By 1985 Arnold Schwarzenegger had already starred in two Conan movies and the original Terminator. He was delivering solid action performances and had not yet reached a self-aware, post-modern stance that would require himself to wink at the camera before performing over-the-top stunts. However, he had already begun to deliver funny one-liners, but they had not yet become a parody of themselves. It is in this time period that Schwarzenegger, producer Joel Silver, and director Mark L. Lester (Firestarter) released Commando.

A completely unapologetic action film, Commando finds Schwarzenegger as a retired colonel, John Matrix, who once completed, with a team of men, numerous special-ops assignments. Those men are now being murdered and Matrix is drawn back into the world of covert ops when his daughter Jenny (Alyssa Milano) is kidnapped from under his nose by the killers. They inform Matrix that he must travel to South America and murder a president that he helped install in order for the lead kidnapper, Arius (Dan Hedaya), to be able to take the president's place. Matrix is told that once he accomplishes this mission he will be given back his daughter.

The kidnappers escort Matrix onto a plane, but he manages to escape before the plane gets too high in the air. This leaves him only eleven hours to find his daughter before the plane lands and it is found out he is not on board (these were the days before airphones). Roughly 75 or 80 bloody minutes later, Matrix is reunited with his daughter, having dispatched every bad guy that contemplated looking at him slightly askew.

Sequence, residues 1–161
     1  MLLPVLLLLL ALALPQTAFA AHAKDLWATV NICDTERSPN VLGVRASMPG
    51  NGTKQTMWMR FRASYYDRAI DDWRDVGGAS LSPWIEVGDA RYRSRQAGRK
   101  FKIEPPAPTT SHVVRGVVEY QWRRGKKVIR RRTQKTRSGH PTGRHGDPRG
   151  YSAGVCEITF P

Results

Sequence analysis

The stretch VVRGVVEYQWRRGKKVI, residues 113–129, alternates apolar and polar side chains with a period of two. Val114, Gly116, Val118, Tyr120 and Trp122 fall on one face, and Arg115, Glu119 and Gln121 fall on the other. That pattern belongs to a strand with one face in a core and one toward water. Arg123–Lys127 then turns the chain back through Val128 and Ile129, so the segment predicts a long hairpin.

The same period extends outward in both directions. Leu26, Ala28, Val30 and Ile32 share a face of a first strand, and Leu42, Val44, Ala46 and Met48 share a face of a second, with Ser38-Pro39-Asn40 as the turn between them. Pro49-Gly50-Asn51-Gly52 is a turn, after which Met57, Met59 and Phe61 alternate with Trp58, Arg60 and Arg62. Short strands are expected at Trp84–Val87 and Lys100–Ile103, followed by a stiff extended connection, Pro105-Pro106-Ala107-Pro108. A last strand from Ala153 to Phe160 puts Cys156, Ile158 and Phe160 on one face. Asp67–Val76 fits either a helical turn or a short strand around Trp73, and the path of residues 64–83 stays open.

Once the film gets going, about five or ten minutes in, it stops for nothing, not logic, not good sense, and certainly not any injuries Matrix sustains. He does, as is required by such films, meet a girl, Cindy (Rae Dawn Chong), during his mission, who tags along for the rest of the flick. She also just happens to know how to fly a plane, which becomes a crucial plot point. But, as logic in no way enters into the movie, this seems like a perfectly reasonable happenstance.

The film is fascinating when compared with today's action fare. In Commando, Matrix is a hero with no dark side; he may have done things he regrets during his missions, but they in no way cast a pall over his current life. He has no issues he needs to work through, and even the death of his wife when his daughter was born seems to be an upset he put to rest years ago. He is a single-minded, virtually one-dimensional character. The only way the audience knows that he loves his daughter is through an opening credit montage that features them doing father-daughter activities. For good or ill, such a character would never be allowed today. It is however a perfect character for Schwarzenegger, as he is in top physical form in the movie, as good at fisticuffs as he is with guns and explosives.

Commando requires the audience to do no thinking or contemplation whatsoever; we need merely watch Arnold beat people up and destroy things. Never for one second is there any doubt that Matrix will get his daughter back — the only question is how many people will have to die for him to accomplish the feat.

Those looking for a deeper movie with a flawed hero at its core and some amount of introspection would do better to steer away from Commando. However, the film holds up just as well today as it did 20 years ago, providing an adrenaline rush to anyone who craves such things. It is incredibly clear watching the film why Schwarzenegger would go on to become one of the most successful action movie stars of all time.

The new DVD release of Commando features both the theatrical cut and a director's cut (it is slightly longer but contains no substantial revisions), audio commentary by Lester, two behind-the-scenes featurettes, deleted scenes, and photo galleries. The film both looks and sounds fantastic, each bone-crunching moment and neck snap is presented with clarity of picture and sound. The DVD is a must for any Arnold fan.